– CTP (Community Technology Preview): CTP means Community Technology Preview. It means you can use it but it’s not the final version of a software and things may change when product is finally released. It’s generally an incomplete preview of a new technology in progress. These usually come out before beta and are a way to gather feedback from the community during the development of a product. This is similar to an Alpha release per Jeff’s hierarchy, except that at Microsoft, Features are present to varying degrees and customer can get an idea of where the release is going
– Beta: The software is complete enough for external testing. Beta software is usually feature complete, but may have known limitations or bugs. Betas are either closed (private) and limited to a specific set of users, or they can be open to the general public. Features are mostly implemented but still have rough edges. Quality is fair at this point. The higher number beta, the higher the quality
– RC (Release Candidate): Product believes it’s ready to ship. One last chance for customers to provide feedback and find major blocking issues.
– RTM (Release to Manufacturing): Product is complete and ready to be shipped to customers. RTM stands for “Released to Manufacturing” and is a throwback to the days when software was mostly released as CDs. When a project went “Gold”, it was released to manufacturing who then burned a bunch of CDs and packaged them up to be put on store shelves. True, this still goes on today believe it or not, but this mode of delivery is on the decline for certain types of software.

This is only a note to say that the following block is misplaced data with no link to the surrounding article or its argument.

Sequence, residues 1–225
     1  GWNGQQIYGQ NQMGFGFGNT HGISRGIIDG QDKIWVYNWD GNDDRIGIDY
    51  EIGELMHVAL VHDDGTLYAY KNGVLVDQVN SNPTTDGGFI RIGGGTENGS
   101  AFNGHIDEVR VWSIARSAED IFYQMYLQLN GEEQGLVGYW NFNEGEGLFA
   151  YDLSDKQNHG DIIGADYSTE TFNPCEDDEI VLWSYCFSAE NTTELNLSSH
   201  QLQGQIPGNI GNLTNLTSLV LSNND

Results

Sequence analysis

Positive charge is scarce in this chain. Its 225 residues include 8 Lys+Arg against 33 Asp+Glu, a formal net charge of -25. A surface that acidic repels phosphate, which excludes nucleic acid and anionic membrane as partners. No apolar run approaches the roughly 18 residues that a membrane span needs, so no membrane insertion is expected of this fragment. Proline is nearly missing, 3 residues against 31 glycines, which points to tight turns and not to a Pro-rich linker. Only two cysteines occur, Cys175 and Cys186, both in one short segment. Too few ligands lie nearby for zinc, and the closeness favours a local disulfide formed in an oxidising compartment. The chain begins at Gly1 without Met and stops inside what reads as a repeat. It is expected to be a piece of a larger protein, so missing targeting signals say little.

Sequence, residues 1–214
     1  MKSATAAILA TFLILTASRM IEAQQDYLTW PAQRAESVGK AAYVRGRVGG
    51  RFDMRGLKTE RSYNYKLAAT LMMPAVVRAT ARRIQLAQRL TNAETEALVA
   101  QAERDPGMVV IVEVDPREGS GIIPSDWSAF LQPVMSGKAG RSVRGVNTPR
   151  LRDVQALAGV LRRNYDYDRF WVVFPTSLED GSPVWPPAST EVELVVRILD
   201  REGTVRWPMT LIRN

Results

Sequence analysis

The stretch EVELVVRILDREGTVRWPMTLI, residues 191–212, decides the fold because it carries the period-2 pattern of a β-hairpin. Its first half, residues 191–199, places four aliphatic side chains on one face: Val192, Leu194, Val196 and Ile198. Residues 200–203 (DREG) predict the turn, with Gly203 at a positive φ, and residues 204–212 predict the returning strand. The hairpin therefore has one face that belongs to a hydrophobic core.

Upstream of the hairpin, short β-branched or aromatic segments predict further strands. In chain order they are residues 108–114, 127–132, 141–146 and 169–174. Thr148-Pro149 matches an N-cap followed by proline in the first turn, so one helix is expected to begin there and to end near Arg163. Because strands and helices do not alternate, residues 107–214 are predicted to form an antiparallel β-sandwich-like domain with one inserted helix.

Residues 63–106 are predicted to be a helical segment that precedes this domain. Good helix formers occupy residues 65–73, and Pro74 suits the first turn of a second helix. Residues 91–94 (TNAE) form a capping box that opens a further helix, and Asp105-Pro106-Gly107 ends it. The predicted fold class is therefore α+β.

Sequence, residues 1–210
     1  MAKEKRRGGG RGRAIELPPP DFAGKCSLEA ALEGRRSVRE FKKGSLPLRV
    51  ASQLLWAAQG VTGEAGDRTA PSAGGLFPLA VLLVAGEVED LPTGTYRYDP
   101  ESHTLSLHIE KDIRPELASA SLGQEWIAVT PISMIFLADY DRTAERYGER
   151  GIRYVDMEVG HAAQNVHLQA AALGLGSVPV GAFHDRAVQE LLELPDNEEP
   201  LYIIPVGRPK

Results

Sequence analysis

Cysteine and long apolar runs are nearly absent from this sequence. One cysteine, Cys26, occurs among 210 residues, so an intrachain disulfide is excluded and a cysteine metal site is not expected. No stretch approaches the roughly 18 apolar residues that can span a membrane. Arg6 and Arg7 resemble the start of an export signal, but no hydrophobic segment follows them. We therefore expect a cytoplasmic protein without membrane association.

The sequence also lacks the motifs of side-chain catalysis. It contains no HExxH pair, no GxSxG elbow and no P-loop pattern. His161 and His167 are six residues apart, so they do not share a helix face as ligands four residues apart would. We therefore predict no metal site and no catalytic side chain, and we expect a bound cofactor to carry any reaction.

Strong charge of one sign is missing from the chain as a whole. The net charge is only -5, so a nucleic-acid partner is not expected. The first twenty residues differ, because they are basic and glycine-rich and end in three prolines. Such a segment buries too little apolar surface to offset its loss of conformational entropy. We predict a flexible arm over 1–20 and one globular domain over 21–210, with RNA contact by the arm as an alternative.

– RTW Release: RTW is a related term that stands for “Released to Web” which is more descriptive of how software is actually shipped these days. For example, while we like to use the term RTM internally out of habit, ASP.NET MVC will actually be RTW
– SPs (Service Pack): SPs are service packs. It means product updates and bug fixes for that release. While R2 refers to Release 2, and it generally includes enhancements that cannot be included as part of service packs. A Service Pack (or SP) is simply an RTM (or RTW) release of fixes and/or improvements to some software. It used to be that SPs rarely included new features, but it seems to be the norm now that they do. Service Packs tend to include all the hotfixes and patches released since the product originally was released, which is convenient for the end user in not having to install every fix individually.
– Technical Preview: The Windows Technical Preview (TP) is an evaluation copy for enterprise users. Basically, it’s an early test version. Businesses are given the chance to try it out, see how it fits into their routines and provide Microsoft with feedback. Ideally, Microsoft will integrate the collected data into a final product that meets the needs of its
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